Each weapon in Splatoon comes with a sub and special weapon. For secondary weapons, there are things like splat bombs that when they explode, cover a wide blast area in paint; proximity mines that hide under the surface, ready to blow an inkling or squid to kingdom come; the sprinkler, a device that can be attached to a surface, wall, or ceiling that sprays an area with paint; and many more. Special weapons can only be used when the special meter is full, performed by painting either bare ground or enemy paint in your team's color of paint. These include temporary shields with the Bubbler, giant tornadoes of paint with the Inkstrike, multiple splat bombs to throw one after the other with the Bomb Rush, among others.

The sub weapon Splash Wall blocks enemy paint attacks like so.
While Splatoon is heavily online-focused, there is also a 25+ mission single-player mode called Hero Mode to not only unlock some worthwhile content, but also play through some ridiculously clever and well designed levels to build your skills. The Great Zapfish has been captured from Inkopolis Plaza by the Octarians, a militant force bent on eliminating the Inklings. You travel to Octo Valley, the hub of Hero Mode, and enter steam kettles, serving as entrances to levels. 

Each level's goal is to rescue the Zapfish from captivity through playing through linear levels, launching from huge platform structures, similar to the planetoids in Super Mario Galaxy, each with their own mechanics, set of enemies, and obstacles. The story mode continually introduces new concepts to keep levels feeling fresh, whether it's creative platforming or light puzzles. Each level focuses on a single level concept, such as gushers that launch you into the air as they gush out paint, inkrails that allow your inkling to travel on them when they are sprayed, and platforms that move when you spray their propellers. There are even arena skirmishes that pit you against Octolings in combat. These are the weakest levels of the single-player mode, as they're just the online multiplayer's maps with a single-player twist, but they do show a part of Splatoon that I feel is sorely missing-- the ability to play with bots.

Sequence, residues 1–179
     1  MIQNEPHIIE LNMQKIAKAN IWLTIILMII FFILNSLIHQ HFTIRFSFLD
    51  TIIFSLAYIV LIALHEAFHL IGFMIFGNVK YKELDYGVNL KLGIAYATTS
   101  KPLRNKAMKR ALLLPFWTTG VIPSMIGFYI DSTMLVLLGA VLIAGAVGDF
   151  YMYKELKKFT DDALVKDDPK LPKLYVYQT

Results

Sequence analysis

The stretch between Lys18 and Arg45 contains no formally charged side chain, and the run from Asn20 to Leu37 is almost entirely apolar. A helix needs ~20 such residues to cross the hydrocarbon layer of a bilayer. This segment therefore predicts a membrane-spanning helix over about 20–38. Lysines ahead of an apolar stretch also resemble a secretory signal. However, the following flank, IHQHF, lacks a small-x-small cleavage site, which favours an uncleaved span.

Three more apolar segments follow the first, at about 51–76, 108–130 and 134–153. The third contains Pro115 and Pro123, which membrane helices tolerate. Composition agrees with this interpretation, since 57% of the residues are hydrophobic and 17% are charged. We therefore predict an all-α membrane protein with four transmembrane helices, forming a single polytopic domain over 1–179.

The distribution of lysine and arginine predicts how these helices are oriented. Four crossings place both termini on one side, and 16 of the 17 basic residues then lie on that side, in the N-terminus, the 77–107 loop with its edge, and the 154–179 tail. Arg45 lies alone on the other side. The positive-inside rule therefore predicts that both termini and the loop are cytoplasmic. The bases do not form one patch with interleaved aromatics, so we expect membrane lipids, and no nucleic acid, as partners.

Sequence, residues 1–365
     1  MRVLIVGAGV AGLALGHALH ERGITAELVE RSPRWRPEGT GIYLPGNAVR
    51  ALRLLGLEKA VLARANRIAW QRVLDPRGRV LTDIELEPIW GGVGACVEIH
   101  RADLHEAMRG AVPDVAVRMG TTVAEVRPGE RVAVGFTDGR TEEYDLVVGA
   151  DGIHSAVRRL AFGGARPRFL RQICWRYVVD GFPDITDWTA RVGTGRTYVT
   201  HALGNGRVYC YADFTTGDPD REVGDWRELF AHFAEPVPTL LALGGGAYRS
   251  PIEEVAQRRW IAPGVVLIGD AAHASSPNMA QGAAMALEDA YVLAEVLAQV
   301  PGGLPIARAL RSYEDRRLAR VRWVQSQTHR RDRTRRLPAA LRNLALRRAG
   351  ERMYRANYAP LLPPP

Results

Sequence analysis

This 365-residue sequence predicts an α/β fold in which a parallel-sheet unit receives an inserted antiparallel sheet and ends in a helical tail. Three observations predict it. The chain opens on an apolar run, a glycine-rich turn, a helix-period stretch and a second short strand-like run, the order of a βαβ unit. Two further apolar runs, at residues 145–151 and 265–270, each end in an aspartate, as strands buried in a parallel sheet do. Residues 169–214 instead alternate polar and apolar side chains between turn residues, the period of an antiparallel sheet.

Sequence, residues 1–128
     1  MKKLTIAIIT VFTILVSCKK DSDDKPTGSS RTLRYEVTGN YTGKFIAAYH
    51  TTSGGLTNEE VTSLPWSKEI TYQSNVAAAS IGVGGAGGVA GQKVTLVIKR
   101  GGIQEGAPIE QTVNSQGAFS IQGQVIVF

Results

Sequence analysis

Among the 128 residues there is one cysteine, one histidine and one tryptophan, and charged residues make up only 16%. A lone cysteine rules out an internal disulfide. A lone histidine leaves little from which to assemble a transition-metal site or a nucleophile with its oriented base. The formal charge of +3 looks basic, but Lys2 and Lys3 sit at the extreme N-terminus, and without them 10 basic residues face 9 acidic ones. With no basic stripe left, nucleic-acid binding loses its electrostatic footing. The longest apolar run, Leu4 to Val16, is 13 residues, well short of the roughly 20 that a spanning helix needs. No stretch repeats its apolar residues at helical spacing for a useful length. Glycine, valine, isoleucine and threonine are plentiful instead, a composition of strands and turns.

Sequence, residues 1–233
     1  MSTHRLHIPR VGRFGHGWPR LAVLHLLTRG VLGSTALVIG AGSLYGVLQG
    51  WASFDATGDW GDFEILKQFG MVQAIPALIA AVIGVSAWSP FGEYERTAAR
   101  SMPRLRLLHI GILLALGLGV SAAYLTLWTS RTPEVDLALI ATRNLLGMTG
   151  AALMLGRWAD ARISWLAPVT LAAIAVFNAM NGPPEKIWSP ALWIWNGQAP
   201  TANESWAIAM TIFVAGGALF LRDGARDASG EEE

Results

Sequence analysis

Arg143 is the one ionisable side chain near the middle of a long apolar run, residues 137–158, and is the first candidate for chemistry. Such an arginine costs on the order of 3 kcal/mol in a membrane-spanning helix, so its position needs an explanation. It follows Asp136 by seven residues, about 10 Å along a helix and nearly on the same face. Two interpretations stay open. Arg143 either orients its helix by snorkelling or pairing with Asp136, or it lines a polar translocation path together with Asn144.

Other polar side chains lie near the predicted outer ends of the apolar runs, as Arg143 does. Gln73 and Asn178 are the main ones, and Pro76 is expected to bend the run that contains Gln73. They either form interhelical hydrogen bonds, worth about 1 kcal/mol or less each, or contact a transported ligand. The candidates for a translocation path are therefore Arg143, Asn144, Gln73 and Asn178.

Do you enemies mind? I have a Great Zapfish to rescue.
Regardless, the handful of boss battles that are sprinkled throughout Splatoon's Hero Mode shines greatly with super creative ways to take down the bosses that come in all shapes and sizes. They're not just bosses that focus on you strong-arming them to surrender; they require some thought to defeat as they are a bit like puzzles themselves. 

On the whole, Splatoon's Hero Mode lasted me about 6-7 hours of gameplay time. This including collecting each level's hidden Sunken Scroll that reveals some of the history and background of the Inklings and Octarians. I would love an even more robust and lengthy single-player mode for a sequel, as beating the relatively short Hero Mode in Splatoon left me feverishly wanting more. Sure, using an Amiibo in Inkopolis Plaza allows you to replay these missions with different weapons for an added challenge, but it's really not the same. Plus, it's sort of slimy to hide content of any type behind hard-to-find figurines, which basically unlocks on-disc downloadable content.

Splatoon ends up being a fantastic online multiplayer shooter, but its current lack of true matchmaking or party invites makes it a bit of an uneven and sometimes frustrating experience. The lack of interesting local multiplayer (a balloon popping mode with one other player does not an interesting local multiplayer mode make) hurts a little, and the lack of bots even if just to replace disconnecting players online hurts a lot. That said, for all that is wrong with the experience, Splatoon is still an amazing game to play. The feeling of switching between a humanoid Inkling and a speeding squid is phenomenal, the concept as a whole is spectacular, the sounds and sights of splatting other players and covering floors and walls are tremendous, and the single-player mode will leave you begging for more. It's not a perfect introduction for Splatoon to players, but it's pretty ink-credible all the same.

[SPC Says: B]